Issues of surveillance and privacy have been a popular topic in contemporary art. Critiquing the realities of data tracking, facial recognition software and the perpetual collection and storage of data has prompted the curatorial rationale for several recent several exhibitions including a photography exhibition in 2016 at the Hasselbad Foundation in Gothenberg called Watched! Surveillance, Art and Photography. The lack of restrictions that come with creative representations can lead to powerful forms of critique, particularly when it comes to privacy and surveillance. This not only brings awareness to these issues, but also provides a collective imagery or response to the ongoing surveillance we are subject to in our everyday lives. Contemporary art is therefore an important avenue by which citizens might develop a critical understanding of these issues.
One of the more well-known ‘surveillance art’ series is that of Hasan M. Elahi, who after being stopped and interrogated by the FBI at a US airport in 2002, responded by turning his art practice into a form of self-surveillance, or sousveillance, where every aspect of his life – from what he was eating to the places he visited – was photographed and documented. The result was over 70,000 photos, which he later uploaded to his website. In post-production, Elahi categorises and organises the photographs to create large scale tapestries printed onto vinyl:
Upon closer inspection the individual photographs become clearer, providing an intricate visual diary of one man’s life rendered in digital prints. In the sequence below the artist has photographed all the food he has eaten at altitude:
As Alahi explains, providing too much information leads to ‘obscurity, unintelligibility, and bewilderment’ enabling him to hide in plain sight. Over-disclosure also adds to the cost and trouble of searching, deterring authorities and systems of surveillance. But also at play in these works is a resistance to the tools of surveillance that is aided by the ‘white cube’ of the gallery or festival setting. In this context, the ‘artefacts’ that result from surveillance culture are decoupled from the discourses of terrorism, safety and security and are therefore rendered benign and banal.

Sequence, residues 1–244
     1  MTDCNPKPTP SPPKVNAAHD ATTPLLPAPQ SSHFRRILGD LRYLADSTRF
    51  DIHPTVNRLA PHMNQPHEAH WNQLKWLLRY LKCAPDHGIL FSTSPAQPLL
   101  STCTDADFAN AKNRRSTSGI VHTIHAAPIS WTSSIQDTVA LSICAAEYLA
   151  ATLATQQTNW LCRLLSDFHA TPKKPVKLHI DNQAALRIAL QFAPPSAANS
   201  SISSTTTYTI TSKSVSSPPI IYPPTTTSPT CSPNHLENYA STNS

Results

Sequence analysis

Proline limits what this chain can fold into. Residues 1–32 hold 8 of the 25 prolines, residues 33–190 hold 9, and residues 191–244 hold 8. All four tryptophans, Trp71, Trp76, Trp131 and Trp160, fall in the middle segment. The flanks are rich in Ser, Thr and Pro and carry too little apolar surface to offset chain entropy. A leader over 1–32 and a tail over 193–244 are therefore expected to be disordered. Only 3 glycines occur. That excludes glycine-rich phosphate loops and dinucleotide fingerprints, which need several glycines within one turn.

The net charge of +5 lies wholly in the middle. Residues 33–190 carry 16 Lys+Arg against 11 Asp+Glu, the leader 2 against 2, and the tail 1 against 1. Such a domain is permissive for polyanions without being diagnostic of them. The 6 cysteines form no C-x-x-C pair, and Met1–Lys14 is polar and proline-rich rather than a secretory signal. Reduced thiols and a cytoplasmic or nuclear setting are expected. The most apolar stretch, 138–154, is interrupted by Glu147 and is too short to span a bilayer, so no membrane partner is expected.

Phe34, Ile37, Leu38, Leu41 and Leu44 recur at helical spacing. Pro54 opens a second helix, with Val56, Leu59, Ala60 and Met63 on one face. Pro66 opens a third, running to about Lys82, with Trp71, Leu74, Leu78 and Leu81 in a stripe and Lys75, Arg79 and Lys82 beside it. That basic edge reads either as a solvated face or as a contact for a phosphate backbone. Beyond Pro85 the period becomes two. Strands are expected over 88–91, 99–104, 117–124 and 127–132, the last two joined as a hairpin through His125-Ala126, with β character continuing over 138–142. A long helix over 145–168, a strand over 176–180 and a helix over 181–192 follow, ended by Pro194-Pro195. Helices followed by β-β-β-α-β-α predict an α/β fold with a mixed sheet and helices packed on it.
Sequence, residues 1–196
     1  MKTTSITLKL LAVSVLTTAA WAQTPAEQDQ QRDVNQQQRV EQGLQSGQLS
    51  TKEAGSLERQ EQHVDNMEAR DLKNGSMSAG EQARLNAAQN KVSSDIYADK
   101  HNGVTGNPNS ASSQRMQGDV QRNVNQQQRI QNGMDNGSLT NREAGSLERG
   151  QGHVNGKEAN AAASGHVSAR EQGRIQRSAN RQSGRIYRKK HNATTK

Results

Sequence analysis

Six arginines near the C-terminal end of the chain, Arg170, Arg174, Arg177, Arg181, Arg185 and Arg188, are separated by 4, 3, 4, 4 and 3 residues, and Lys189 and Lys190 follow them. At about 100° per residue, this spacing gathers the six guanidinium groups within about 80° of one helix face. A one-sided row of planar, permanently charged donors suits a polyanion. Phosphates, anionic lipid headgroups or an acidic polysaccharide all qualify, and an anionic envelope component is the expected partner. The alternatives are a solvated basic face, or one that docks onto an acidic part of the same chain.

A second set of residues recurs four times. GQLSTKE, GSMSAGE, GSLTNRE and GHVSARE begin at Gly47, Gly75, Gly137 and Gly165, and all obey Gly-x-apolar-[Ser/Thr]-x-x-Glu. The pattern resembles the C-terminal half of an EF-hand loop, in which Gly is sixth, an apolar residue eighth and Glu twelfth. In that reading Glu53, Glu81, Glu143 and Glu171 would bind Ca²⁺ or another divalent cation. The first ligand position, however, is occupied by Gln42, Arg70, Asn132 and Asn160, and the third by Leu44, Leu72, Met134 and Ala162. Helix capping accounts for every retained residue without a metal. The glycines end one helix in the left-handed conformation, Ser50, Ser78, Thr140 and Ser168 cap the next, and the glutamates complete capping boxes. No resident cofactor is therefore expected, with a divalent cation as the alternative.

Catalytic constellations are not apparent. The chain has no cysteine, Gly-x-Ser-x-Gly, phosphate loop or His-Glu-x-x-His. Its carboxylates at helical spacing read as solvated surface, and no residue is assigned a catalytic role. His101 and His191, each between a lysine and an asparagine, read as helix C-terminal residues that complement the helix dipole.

Surveillance culture is also explored by American artist Adam Harvey. Harvey’s ‘CV Dazzle’ series (2010 – present) derives its name from the ‘Dazzle’ or ‘Razzle Dazzle’ ships of World War I, which were painted with geometric, intersecting shapes in contrasting colours. The aim was not to conceal the ship, but to make it difficult for enemies to estimate the speed, range and direction of the vessel. Harvey’s work is a resistance to face recognition technology, using hair and make up as camouflage. In a similar way to the ‘Dazzle’ ships the aim is not to conceal, but ‘break apart the continuity of the face’, so as to confuse the symmetry and tonal contours of the face that the facial recognition algorithms rely on to identify individuals. What makes Harvey’s approach distinctive is that the ‘CV Dazzle’ series is not presented through the lens of the everyday, but as avant garde fashion, modelled by attractive individuals and captured through studio photography.
Seen together these works are a comment on the changing nature of privacy, as personal data is shown to be networked and correlated across digital platforms and technologies. In this way, maintaining privacy is not only a matter of personal strategy, but also a collective negotiation. Each of these works takes surveillance culture as a starting point, yet quickly move the viewer beyond this, to explore creative and critical strategies of resistance. In this way, the works are instructional and aesthetically arresting. Alahi uses the strategy of stenography, or hiding in plain sight, achieved through massive over-disclosure of personal information. While Harvey opts for camouflage and deception as a way of protecting personal privacy. Each of these strategies is a type of ‘obfuscation’ or ‘the deliberate addition of ambiguous, confusing or misleading information to interfere with surveillance and data collection’ (Brunton & Nissenbaum 2015, p.1). The aim of obfuscation is to ‘buy time’ and hide in the crowd of signals as participation in contemporary society also means being subject to pervasive digital surveillance.
Brunton, F., & Nissenbaum, H. (2015). Obfuscation: A User’s Guide for Privacy and Protest. Cambridge, MA: The MIT Press.